Tuesday, June 30, 2009
So on Friday, I met with Susie from Stanford. You know, like John from Texas or Odysseus of Ithaca. Anyways, our meeting was very, very productive. I think we have a lot to learn from them, and to be honest, their students are much more involved. Still though, we're made up of the same sort of people- hard-working, smart, capable. Taking that into account, I see no reason as to why we cannot get onto their level or even better. As they say, there's nowhere to go but up!
As I mentioned in a previous post, Susie is going to be a sophomore. She was general manager of their green store and creator of the website It's Easy Being Green. The Green Store offers recyclable party cups for parties, student events, and private gatherings. Susie was telling me how people still buy them, even if they are a little bit more expensive than the red cups at Costco. There is a catch, though. Because the Green Store, through their student government, qualifies as a nonprofit community service organization (I think I got that right?), they get money to buy the cups. So even if they sell the cups at a loss, they'll still get money to keep buying them. It's not a for-profit operation.
We were talking about maybe opening a green store for our school. And as I mentioned in that previous post, this goes hand in hand with what Green Greeks has done this past year- working to recycle at frats. Susie also talked about an interesting marketing ploy that really created some buzz when they opened the Green Store. In their version of the Reynold's Club, they had games of juice pong in the recyclable cups. People like to play whatever-drink pong, and it got the word out really well. A couple of things before we do the same thing. We'd have to play outside, and it's cold outside in Chicago for a large part of the year. Second, their Reynold's Club is outdoors. Ours isn't. Are there any other really public out doors space that we can book? Hutch courtyard was my first thought, but that doesn't seem to get too much traffic. But people do peek out of windows when they're in the Reynold's Club? I dunno.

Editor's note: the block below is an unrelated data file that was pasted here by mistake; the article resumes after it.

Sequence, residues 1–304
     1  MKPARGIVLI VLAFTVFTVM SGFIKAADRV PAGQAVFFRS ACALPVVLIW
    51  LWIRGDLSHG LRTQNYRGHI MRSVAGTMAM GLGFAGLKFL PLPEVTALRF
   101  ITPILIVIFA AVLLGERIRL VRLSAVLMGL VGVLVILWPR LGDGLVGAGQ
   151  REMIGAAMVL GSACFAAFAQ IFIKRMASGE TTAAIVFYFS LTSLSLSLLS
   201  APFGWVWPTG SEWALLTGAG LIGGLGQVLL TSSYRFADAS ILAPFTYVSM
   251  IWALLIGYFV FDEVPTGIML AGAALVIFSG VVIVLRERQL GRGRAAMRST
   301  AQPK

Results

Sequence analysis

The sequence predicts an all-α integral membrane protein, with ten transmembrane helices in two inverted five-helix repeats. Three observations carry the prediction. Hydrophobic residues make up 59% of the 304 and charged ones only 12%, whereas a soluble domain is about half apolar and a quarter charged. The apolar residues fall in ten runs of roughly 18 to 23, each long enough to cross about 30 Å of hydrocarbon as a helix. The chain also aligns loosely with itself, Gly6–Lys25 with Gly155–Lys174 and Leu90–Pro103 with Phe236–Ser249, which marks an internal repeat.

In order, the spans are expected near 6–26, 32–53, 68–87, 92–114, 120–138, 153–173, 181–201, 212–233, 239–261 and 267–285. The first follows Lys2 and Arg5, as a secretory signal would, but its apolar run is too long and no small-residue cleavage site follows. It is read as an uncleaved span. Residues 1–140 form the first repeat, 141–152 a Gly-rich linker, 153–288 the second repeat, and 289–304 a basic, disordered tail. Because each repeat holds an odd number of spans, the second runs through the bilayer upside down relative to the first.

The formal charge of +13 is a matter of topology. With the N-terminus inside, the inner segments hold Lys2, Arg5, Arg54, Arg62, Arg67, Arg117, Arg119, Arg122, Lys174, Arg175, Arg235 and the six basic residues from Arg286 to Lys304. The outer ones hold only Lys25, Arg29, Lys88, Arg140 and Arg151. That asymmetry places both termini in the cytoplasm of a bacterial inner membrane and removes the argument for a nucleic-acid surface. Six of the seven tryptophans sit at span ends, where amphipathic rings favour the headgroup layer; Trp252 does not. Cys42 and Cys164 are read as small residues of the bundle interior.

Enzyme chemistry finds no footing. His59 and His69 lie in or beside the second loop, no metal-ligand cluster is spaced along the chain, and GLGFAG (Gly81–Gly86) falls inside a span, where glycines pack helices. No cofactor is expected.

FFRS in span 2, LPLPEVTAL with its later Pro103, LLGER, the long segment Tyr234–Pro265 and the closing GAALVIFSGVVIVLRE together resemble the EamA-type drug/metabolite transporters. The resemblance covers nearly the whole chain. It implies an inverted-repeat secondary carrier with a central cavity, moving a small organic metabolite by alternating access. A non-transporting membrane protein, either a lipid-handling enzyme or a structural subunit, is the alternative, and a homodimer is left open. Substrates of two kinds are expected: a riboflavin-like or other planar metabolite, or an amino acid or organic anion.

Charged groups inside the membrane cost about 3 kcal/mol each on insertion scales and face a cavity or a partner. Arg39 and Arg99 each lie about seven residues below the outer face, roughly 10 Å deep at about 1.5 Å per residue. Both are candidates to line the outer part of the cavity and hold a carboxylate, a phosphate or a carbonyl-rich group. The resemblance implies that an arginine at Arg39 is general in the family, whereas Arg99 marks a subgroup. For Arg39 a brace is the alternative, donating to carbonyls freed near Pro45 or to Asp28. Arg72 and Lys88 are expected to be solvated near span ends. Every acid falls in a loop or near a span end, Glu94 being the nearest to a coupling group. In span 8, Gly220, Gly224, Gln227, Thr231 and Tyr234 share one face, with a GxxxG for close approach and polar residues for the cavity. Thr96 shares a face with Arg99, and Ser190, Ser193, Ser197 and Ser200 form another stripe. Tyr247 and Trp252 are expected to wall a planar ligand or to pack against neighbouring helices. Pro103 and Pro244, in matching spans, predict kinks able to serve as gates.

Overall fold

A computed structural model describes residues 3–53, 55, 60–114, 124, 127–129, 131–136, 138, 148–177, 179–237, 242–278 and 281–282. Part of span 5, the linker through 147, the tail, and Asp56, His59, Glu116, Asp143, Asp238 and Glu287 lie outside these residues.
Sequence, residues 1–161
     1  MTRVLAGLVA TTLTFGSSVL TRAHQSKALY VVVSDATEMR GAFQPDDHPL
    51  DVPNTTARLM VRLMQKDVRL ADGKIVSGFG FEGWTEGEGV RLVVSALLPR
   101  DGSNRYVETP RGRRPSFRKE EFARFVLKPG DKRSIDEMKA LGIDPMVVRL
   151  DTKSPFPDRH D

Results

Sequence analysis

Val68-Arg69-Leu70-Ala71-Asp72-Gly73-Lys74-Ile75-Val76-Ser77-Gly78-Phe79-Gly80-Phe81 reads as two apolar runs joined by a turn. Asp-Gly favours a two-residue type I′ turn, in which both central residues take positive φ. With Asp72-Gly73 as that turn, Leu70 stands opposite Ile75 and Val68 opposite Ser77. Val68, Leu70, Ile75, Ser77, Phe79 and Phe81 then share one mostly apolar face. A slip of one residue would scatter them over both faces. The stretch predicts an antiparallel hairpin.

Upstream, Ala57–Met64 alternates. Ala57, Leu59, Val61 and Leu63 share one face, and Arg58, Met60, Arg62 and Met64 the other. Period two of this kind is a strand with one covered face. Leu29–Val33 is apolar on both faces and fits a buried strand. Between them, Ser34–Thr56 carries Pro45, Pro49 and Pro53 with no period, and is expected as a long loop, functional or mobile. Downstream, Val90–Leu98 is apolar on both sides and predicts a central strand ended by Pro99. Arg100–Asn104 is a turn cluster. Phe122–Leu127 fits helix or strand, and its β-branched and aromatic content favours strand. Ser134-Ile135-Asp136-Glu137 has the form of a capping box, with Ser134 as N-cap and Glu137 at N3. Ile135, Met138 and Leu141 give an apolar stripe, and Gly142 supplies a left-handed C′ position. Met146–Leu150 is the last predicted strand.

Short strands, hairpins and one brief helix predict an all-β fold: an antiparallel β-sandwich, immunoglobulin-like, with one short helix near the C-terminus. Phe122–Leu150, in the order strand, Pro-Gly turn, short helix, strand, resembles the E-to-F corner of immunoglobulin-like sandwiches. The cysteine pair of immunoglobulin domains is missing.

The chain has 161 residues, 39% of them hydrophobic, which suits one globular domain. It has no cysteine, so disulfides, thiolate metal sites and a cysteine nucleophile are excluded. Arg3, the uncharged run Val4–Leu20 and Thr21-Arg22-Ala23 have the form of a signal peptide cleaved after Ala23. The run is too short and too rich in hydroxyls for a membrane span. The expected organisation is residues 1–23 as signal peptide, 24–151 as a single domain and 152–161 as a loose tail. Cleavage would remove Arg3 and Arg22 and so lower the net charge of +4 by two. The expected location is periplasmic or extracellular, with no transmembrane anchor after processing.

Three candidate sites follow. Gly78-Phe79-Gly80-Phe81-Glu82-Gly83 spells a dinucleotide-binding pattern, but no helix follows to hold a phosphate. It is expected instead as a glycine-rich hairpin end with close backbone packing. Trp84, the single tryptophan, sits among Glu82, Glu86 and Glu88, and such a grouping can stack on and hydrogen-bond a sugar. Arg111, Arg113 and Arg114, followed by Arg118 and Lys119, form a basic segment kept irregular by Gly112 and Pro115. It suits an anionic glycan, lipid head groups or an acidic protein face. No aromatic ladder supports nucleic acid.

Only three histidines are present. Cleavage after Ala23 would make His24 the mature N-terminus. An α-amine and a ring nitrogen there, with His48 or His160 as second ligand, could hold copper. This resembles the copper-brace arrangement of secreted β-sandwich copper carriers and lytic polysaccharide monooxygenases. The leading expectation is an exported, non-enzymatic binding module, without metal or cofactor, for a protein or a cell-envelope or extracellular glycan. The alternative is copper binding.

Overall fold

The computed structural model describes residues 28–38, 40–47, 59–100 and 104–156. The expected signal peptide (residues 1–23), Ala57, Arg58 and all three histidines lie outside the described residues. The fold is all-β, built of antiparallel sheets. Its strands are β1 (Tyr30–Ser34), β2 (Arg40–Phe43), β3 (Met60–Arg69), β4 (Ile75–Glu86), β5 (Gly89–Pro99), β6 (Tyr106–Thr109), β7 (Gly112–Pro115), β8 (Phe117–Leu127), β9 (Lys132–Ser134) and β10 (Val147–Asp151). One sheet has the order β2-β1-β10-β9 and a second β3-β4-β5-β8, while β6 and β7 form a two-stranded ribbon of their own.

Do y'all think a Green Store would be successful at our school? Could we even turn a profit? I don't think we're going to get funding just to keep this operation afloat. Are there other methods to bring about recyclable party cups to campus. If not recyclable, how about biodegradable cups? If we somehow manage to be in charge though, it would be an excellent opportunity to present sustainability in a tangible way. And in the process, spread the word about GCI.
Susie also talked about their student government, a large part of their life. Over there at that school in California, student government plays a HUGE role. They have a senate with committees that can actually bring concrete changes to campus. Basically, they can do noticeable things. Also, it seems like because its such a large institution, participation is actually pretty high. Our SG elections had a 35% undergraduate turnout and a 6% graduate student turnout (this and that). Stanford had a 51% turnout for undergraduates and a 24% turnout for graduates (here and there). My point is that student government is there for a reason. And there lies enormous potential to work with them to make changes on our campus.